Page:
I don’t ever recall using my non-smartphone telephone as an interface to interact with the internet. But who knows? I might have been using this protocol without even knowing it.

For me, this story underscores the fact that the internet continues to become less text-centric, that content does not mean text (think about the surge of video creation and consumption in the past ten years). As a lesson for the language industry, it reinforces that our job isn’t about translating text; it is about making ideas accessible across the dimension of language and culture in all their various modalities.

Today was tomorrow. Today will be yesterday.

I researched and wrote this article through the lens of prediction. My hypothesis was that by looking at past predictions in conjunction with 20 years of “how it played out” data, we could then identify the secrets behind good predictions, use those techniques to make our own predictions and ultimately use the new predictions to help drive our industry.

And after having gone through the process, I still agree with that hypothesis. Sort of.

When reading the likes of Business @ the Speed of Thought and Age of Spiritual Machines, I originally had an uncanny feeling. How could these authors be so right about what would happen, even down to seemingly arbitrary details? Do they have supernatural precognitive powers?

Then it struck me. Many of these authors’ predictions aren’t predictions at all; they’re calls to action. The futures they’re describing have come true not because of any secret foresight, but because as a society, we agreed that these futures were desirable and then worked to build them into reality.

In March 1963, Nobel Prize winning physicist Dennis Gabor wrote in his book Inventing the Future, “The future cannot be predicted, but futures can be invented. ” He makes an assertion that has likely been made throughout history: we are the masters of our fate.

I have no doubt that if we really want flying cars, that will happen. If we really want to colonize Mars, we’ll do it. As for the language industry, the first step in predicting our future may be to decide what it is that we really want.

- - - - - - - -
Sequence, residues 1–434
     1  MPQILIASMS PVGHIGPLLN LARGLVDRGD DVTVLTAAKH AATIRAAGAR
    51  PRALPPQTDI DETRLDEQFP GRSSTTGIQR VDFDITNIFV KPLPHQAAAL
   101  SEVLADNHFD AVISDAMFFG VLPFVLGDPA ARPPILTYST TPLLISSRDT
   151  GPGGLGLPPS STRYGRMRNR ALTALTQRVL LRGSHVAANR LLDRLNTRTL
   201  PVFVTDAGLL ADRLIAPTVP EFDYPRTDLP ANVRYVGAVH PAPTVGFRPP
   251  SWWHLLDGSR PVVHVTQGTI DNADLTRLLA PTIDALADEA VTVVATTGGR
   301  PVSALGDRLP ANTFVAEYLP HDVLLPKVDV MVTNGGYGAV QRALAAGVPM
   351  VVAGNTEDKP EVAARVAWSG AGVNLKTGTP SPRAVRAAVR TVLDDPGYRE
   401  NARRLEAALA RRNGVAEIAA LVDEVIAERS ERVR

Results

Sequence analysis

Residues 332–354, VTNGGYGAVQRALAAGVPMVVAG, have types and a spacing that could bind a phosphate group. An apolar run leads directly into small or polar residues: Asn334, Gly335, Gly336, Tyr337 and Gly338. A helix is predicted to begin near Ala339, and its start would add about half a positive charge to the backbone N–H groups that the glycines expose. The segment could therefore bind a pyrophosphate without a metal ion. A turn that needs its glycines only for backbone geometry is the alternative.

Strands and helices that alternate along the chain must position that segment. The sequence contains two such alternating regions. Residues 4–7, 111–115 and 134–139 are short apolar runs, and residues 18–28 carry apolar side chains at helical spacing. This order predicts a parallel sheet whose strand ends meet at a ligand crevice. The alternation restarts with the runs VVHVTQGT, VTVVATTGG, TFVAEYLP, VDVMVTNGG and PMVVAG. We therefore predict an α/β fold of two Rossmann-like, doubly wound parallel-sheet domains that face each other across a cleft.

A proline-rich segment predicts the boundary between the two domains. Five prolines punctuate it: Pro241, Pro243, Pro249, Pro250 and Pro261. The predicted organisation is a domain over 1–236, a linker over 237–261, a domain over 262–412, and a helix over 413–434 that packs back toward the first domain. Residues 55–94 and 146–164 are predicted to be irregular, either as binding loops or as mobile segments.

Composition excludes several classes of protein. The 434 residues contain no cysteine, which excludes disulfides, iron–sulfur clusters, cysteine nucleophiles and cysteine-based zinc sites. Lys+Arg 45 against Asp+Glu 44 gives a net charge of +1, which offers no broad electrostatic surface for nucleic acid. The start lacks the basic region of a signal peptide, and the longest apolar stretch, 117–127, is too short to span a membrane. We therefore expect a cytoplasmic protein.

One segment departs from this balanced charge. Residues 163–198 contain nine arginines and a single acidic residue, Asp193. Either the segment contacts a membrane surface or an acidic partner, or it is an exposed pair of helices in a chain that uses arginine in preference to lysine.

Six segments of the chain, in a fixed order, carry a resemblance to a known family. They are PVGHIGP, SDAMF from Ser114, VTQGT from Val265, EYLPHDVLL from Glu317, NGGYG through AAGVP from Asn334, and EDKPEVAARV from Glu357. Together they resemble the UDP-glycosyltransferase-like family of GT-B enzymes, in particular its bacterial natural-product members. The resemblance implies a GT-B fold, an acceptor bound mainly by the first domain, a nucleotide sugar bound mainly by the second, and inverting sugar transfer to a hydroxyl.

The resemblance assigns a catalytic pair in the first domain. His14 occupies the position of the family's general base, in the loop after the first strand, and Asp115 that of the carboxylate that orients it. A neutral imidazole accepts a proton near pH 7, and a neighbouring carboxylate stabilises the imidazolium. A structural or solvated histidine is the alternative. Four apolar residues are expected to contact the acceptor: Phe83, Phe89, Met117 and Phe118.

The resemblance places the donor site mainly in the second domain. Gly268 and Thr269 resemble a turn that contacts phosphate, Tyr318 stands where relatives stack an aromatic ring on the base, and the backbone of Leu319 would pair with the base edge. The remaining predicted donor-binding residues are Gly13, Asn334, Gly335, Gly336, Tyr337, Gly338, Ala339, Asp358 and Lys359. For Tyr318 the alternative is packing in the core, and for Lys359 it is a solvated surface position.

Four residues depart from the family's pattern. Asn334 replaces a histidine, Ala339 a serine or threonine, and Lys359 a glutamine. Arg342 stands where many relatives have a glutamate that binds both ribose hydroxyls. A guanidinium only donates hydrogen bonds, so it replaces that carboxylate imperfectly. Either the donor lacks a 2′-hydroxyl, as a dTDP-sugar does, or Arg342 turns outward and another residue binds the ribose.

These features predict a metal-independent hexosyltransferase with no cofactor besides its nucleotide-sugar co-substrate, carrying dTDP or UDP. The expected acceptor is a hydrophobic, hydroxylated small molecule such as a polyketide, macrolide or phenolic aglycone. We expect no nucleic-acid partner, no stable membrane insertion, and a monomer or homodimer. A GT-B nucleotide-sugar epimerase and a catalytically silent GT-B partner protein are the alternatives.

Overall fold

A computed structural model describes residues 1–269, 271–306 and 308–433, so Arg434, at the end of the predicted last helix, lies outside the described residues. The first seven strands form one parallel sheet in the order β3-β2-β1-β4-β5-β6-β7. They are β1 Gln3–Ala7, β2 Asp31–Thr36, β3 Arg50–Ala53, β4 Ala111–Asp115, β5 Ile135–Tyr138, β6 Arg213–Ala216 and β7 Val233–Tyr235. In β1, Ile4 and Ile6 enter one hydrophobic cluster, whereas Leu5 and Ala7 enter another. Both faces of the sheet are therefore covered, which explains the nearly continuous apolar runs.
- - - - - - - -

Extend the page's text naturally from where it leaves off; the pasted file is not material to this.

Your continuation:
It’s in that spirit that I’d like to offer my own prediction.

By 2029, the language industry will no longer be focused on solving problems that world language diversity represents for commerce and collaboration. It won’t have to. Through compounding technological advancements, the concept of the “language barrier” will start to fade away.

Multimodal machine translation, content profiling, content enrichment, machine transcreation and other capabilities made possible through technology will be interoperable microservices everywhere communication happens in real-time. The features of language technology will become taken for granted in every platform.

The world’s focus will shift. Instead of seeing the world’s language diversity as a barrier, it will be recognized as an untapped human intellectual asset, the place from which compound ideas and inventions can be created through the intermarriage of culturally unique concepts. Concepts previously segregated by “language barrier.”

Imagine a Spanish-speaking research team finding a viable solution to their problem from a research paper published in Chinese. Or a Hollywood screenwriter looking to develop a compelling protagonist finding inspiration from a third-century Syriac fable.

The language industry, empowered by both machine and human intelligence, will be instrumental in making these marriages possible and in shaping the internet to make them possible automatically.

The Tower of Babel will become a glorious new Library of Alexandria.

Does this sound like a desirable future to you?